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Proposed subjects for INFN - NSF/LIGO summer students - 2018


University of Mississipi

Improving the performance of Advanced LIGO with Machine Learning

Mentor: Marco Cavaglià

Location: The University of Mississipi, Oxford, MS (USA) and/or LIGO Livingston Observatory, Livingston, LA (USA)

The third observing run of the advanced LIGO-Virgo network, O3, is planned for fall 2018. After the initial detections of gravitational wave signals from coalescing black holes and binary neutron stars in the first two observing runs, more and more varied detections are anticipated in O3. As the LIGO-Virgo network reaches a stage that may support rates of detections of astrophysical gravitational-wave sources as high as several per week, it will be critical to sustain a fast and accurate assessment of the detectors' data quality.
The LIGO Detector Characterization group is charged with investigating and resolving unwarranted noise disturbances in the aLIGO instruments, as well as improving the quality of the interferometer data. Commissioning and detector characterization work involves many researchers across the different LIGO Scientific Collaboration working groups and institutions.
The INFN exchange student will participate to the detector characterization efforts of the University of Mississippi LIGO group by developing new, machine learning-based algorithms aimed at reducing the instrumental and environmental noise of the LIGO interferometers. He or she will also have the opportunity to visit the LIGO Livingston Laboratory. Depending on the LIGO observing schedule, the student may spend a period of time at the Livingston site and perform work there. This project will provide an essential contribution to the Advanced LIGO project while offering the student the opportunity to participate in a unique scientific endeavor.


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Rochester Institute for Technology

Can higher multipole modes in gravitational waves be mistaken for violation of general relativity?

Mentor: Richard O’Shaughnessy

Location: Rochester Institute for Technology, Rochester, NY (USA)

Tests of general relativity from gravitational wave signals from binary lack holes have hitherto ignored the presence of higher order corrections to the gravitational wave signal.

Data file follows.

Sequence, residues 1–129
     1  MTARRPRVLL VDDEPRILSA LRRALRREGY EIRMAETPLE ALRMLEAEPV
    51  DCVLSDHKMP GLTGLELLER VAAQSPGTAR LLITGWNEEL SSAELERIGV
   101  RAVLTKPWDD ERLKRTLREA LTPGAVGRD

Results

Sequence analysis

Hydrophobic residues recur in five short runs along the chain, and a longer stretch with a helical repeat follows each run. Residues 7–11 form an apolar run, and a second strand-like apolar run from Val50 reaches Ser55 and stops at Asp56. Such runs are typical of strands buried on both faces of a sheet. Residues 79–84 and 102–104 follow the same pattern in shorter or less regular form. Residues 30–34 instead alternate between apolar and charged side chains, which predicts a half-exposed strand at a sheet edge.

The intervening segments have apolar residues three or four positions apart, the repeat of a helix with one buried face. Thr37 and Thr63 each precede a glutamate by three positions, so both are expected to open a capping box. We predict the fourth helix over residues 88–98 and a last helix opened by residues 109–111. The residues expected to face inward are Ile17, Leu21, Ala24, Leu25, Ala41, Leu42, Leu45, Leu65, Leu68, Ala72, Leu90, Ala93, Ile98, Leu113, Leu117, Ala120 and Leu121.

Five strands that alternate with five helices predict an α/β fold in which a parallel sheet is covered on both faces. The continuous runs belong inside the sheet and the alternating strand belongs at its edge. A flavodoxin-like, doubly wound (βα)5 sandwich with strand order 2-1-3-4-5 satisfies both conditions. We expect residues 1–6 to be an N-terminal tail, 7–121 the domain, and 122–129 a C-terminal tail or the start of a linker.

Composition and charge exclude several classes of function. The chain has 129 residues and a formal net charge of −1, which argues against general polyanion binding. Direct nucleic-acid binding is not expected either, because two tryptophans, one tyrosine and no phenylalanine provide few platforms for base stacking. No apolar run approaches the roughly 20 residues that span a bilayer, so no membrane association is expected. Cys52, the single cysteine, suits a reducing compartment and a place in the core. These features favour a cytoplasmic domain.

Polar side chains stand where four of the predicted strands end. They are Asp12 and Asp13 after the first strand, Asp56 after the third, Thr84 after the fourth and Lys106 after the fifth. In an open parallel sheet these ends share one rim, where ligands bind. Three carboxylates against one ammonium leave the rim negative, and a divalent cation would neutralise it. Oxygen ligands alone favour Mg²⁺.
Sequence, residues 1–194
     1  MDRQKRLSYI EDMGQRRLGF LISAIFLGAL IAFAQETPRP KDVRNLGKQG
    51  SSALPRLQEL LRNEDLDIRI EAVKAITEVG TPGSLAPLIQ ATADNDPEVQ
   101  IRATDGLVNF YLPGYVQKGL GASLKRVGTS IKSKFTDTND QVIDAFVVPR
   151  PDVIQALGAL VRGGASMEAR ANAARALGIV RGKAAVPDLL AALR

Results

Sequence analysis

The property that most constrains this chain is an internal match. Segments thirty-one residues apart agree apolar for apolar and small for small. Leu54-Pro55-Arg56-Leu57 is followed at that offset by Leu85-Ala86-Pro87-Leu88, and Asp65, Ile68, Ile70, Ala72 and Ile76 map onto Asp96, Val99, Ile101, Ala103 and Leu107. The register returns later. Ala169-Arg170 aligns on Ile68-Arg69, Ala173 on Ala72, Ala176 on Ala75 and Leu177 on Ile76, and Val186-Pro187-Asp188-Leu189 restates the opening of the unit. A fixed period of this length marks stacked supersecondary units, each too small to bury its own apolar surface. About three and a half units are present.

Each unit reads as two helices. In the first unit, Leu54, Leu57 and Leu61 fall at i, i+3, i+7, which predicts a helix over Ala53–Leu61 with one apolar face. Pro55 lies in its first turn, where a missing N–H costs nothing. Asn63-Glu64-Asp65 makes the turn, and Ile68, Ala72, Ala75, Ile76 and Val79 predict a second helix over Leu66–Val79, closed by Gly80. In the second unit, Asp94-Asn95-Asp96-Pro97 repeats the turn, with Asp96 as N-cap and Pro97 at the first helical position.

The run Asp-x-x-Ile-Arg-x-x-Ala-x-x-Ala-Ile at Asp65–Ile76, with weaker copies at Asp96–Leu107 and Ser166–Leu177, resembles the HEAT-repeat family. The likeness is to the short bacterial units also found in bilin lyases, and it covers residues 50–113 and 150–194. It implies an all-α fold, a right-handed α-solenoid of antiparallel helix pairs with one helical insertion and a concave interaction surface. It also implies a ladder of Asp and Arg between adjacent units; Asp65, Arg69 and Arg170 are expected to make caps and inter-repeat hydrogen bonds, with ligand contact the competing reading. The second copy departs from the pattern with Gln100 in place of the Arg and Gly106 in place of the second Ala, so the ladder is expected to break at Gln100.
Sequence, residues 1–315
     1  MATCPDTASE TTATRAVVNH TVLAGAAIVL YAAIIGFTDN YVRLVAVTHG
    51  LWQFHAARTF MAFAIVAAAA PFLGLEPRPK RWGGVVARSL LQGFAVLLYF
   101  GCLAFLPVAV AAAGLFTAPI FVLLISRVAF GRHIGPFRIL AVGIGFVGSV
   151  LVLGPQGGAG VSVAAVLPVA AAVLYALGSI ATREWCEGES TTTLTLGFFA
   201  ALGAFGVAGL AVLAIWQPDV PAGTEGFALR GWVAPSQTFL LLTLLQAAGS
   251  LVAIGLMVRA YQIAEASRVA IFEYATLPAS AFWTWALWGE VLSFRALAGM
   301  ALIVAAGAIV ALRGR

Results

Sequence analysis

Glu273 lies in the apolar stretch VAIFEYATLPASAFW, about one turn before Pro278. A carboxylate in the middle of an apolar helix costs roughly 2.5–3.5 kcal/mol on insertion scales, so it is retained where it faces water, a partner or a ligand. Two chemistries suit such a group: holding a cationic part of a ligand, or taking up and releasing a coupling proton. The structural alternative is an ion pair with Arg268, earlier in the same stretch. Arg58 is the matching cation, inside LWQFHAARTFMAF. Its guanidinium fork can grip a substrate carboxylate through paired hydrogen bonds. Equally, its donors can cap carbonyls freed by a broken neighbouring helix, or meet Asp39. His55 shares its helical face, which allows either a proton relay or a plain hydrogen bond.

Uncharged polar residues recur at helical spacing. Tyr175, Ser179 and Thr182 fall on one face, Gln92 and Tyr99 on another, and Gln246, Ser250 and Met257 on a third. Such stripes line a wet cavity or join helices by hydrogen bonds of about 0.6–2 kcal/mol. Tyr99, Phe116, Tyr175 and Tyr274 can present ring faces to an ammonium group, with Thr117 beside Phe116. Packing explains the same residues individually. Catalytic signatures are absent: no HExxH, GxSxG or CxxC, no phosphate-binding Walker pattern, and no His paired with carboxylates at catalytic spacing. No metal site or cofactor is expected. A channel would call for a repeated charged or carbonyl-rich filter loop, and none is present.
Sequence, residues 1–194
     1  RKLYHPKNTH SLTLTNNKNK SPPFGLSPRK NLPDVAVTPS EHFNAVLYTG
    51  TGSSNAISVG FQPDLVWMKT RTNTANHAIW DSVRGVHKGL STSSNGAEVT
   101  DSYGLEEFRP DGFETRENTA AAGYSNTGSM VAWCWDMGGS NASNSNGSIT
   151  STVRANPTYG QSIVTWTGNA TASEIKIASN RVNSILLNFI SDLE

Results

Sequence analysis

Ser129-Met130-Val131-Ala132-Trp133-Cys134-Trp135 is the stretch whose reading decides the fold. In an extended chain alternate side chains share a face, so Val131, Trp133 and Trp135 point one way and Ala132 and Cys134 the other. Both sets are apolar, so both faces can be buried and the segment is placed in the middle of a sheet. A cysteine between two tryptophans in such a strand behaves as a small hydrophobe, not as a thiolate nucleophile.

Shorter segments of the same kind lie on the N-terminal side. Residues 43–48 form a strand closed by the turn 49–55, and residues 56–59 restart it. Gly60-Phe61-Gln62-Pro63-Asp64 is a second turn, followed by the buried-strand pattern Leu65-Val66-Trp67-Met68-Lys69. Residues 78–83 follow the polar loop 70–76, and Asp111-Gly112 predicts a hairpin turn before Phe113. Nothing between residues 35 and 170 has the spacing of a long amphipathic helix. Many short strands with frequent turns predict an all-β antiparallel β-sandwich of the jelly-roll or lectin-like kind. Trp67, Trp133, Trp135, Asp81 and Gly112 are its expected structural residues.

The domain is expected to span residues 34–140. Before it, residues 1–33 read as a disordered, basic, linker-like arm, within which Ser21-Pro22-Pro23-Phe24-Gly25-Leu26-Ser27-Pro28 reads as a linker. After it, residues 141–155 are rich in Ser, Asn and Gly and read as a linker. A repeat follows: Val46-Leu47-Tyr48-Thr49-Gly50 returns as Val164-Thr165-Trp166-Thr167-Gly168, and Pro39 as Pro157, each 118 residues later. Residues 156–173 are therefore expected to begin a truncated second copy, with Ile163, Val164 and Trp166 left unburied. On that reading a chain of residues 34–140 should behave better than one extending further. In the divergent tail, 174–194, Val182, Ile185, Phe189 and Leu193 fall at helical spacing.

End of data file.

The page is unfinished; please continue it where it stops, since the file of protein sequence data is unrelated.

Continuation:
This project aims at assessing whether neglecting higher multipoles in gravitational wave signals can lead to mis-identification of violations of general relativity.

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California State University Fullerton

On the parametrisation of neutron star equations of state for gravitational wave analysis

Mentor: Jocelyn Read

Location: California State University, Fullerton, CA (USA)

Gravitational wave signals from merging neutron stars carry the imprint of their internal structure in their tidal deformations due to the gravitational field of their companion. Being able to measure the tidal deformability parameter allows, in principle, to determine the equation of state of nuclear matter. However, the amount of physical information about nuclear matter that can be extracted from gravitational waves depends also on the specific parametrisation adopted to relate the neutron star structure to the nuclear equation of state.
This project aims at comparing the information can be extracted from the analysis of past and future binary neutron star merger observed by LIGO and Virgo from several possible equation of state parametrisations.

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University of Florida

Laser interferometer readout at the UF torsion balance

Mentor: Guido Mueller

Location: University of Florida, Gainesville, FL (USA)

The UF torsion balance is comprised of four test masses which form a cross with a 25cm baseline. Two test masses are surrounded by a electro-static housings which are used to read out the position of the test masses with capacitive sensors and to apply electro-static actuation on the test mass. A polarization-multiplexed laser interferometer was installed to provide a more sensitive position readout and to calibrate the electro-static readout and actuation system. This interferometer is not reaching the sensitivity we expected due to a various range of problems including changes in the alignment and surface quality of the test masses. The student would work on this interferometer with the goal to understand and, if possible, reduce or eliminate the limiting problems. This work will initially entail the construction of a prototype interferometer to study the performance in an ideal interferometer and then modify the prototype interferometer to mirror more and more the situation at the pendulum. If time allows, the student should then help to update the current interferometer.

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California Institute of Technology  e LIGO observatories

Location: California Institute of Technology, Pasadena, CA (USA)
and/or LIGO Livingston Observatory, Livingston, LA (USA); Hanford LIGO Observatory, Hanford, WA (USA)
La lista completa dei progetti proposti per l'anno 2018 è al link https://labcit.ligo.caltech.edu/LIGO_web/students/SURF/about/projects.shtml
L'elenco è da considerarsi indicativo; ulteriori temi di ricerca potranno essere concordati sulla base degli interessi espressi dai candidati selezionati e della disponibilità dei tutors.


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